Pharmacists not required to dispense Plan B

But must refer patient to another source

A federal judge suspended controversial Washington State rules that required pharmacies to dispense the Plan B emergency contraceptive. The judge said the rules appeared to unconstitutionally violate pharmacists' freedom of religion.

Meanwhile, Pope Benedict XVI said pharmacists have a right to use conscientious objection to avoid dispensing emergency contraception or euthanasia drugs and said they should inform patients of the ethical implications of using such drugs.

In the Washington case, federal judge Ronald Leighton said the state rules appeared to force pharmacists to choose between their own religious beliefs and their livelihood. "Whether or not Plan B…terminates a pregnancy," he wrote, "to those who believe that life begins at conception, the drug is designed to terminate a life." He said the state's requirements "appear designed to impose a Hobson's choice for the majority of pharmacists who object to Plan B: Dispense a drug that ends a life as defined by their religious teachings, or leave their present positions in the state of Washington."

Under the judge's order, pharmacists may refuse to dispense the drug but must refer the requesting patient to "the nearest" or a "nearby" source for it.

The preliminary injunction was issued in a federal lawsuit filed against the state by pharmacists and a store owner who objected to providing Plan B to customers. The case is set for trial next October.

The state regulations required pharmacists to dispense Plan B and allowed individual pharmacists to opt out only if a co-worker present in the same pharmacy could do the job.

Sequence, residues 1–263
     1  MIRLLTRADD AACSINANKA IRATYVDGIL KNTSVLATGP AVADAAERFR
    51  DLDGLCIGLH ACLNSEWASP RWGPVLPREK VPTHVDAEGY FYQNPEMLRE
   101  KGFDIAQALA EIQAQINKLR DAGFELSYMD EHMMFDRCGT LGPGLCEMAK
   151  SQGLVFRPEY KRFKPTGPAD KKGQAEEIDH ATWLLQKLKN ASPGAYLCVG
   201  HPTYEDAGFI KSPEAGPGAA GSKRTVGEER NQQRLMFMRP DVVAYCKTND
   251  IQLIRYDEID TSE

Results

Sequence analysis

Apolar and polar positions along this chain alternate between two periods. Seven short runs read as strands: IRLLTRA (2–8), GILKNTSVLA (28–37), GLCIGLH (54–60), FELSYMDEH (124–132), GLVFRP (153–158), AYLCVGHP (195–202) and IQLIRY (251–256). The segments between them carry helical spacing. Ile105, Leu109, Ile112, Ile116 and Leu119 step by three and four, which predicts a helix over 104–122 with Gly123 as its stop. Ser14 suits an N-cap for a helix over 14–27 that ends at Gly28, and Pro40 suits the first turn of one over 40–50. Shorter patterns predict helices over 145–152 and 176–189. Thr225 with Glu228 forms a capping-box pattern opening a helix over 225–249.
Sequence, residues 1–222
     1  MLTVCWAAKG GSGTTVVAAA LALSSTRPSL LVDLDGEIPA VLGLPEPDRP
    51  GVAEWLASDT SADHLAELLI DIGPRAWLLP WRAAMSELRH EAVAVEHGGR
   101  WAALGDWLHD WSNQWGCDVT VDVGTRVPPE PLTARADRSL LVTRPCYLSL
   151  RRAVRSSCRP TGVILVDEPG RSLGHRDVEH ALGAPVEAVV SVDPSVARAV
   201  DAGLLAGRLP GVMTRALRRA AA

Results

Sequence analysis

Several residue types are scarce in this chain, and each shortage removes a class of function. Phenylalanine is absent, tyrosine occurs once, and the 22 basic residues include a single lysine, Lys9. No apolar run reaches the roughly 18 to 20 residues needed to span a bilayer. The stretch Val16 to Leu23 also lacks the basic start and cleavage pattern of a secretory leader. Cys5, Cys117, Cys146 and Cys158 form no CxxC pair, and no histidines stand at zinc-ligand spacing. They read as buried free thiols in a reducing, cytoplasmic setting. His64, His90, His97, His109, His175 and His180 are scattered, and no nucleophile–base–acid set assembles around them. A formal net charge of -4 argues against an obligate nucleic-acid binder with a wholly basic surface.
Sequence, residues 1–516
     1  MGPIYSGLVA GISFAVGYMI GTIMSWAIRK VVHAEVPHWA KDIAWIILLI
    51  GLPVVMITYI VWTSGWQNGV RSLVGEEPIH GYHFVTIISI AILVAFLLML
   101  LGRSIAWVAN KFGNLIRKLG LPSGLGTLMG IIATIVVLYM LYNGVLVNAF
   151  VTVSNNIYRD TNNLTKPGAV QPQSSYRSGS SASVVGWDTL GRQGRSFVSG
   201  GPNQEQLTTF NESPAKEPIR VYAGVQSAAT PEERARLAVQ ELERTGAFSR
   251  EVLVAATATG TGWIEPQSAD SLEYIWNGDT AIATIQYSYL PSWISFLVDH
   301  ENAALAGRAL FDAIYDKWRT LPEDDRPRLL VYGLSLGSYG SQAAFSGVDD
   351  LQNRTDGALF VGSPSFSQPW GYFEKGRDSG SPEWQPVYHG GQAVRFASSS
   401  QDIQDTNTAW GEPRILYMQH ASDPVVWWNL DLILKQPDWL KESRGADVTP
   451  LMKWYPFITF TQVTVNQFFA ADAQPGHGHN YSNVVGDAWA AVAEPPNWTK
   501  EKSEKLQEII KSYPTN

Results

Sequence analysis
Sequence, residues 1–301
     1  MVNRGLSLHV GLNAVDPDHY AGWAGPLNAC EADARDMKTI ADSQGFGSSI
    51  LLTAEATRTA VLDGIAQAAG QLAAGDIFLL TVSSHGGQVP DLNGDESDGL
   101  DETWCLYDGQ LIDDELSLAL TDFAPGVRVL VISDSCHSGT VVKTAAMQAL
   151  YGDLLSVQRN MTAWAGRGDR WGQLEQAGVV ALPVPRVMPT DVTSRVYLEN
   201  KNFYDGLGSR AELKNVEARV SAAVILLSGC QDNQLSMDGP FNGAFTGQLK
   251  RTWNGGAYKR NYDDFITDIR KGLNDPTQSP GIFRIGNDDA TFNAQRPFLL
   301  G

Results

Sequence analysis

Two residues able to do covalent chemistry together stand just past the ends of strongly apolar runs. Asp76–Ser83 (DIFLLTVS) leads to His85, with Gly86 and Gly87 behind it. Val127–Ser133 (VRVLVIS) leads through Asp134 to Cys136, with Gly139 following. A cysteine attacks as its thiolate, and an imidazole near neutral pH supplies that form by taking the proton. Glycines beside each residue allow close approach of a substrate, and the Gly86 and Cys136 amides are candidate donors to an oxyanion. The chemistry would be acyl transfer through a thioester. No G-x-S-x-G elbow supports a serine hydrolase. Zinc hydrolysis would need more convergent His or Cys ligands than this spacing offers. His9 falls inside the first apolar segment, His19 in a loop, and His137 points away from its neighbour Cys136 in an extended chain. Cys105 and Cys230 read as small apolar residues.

At the core of the debate, according to local media accounts, is a fundamental disagreement on whether Plan B can terminate a pregnancy. If it is taken within 72 hours of unprotected sex, it generally works by preventing ovulation or fertilization.

It won't terminate an established pregnancy, but in some cases could prevent implantation of a fertilized egg in the uterus.

Medicines should be 'therapeutic'

Meanwhile, in a speech to participants at the 25th International Congress of Catholic Pharmacists in Rome, Pope Benedict XVI said pharmacists "must seek to raise people's awareness so that all human beings are protected from conception to natural death, and so that medicines truly play a therapeutic role."

He urged the pharmacists to consider conscientious objection a right that must be recognized for their profession "so as to enable them not to collaborate directly or indirectly in supplying products that have clearly immoral purposes such as, for example, abortion or euthanasia. We cannot anesthetize consciences as regards, for example, the effect of certain molecules that have the goal of preventing the implantation of the embryo or shortening a person's life."

International media accounts indicated Benedict's comments were welcomed in Italy, where pharmacists are required to fill prescriptions regardless of their moral or ethical positions. A national federation representing more than 15,000 private pharmacies said the law there would have to be changed to allow for conscientious objection if Benedict's recommendation were to be followed. But it said it would be difficult to apply since pharmacists could then object to dispensing basic contraception or other hormonal drugs prescribed for medical reasons as well.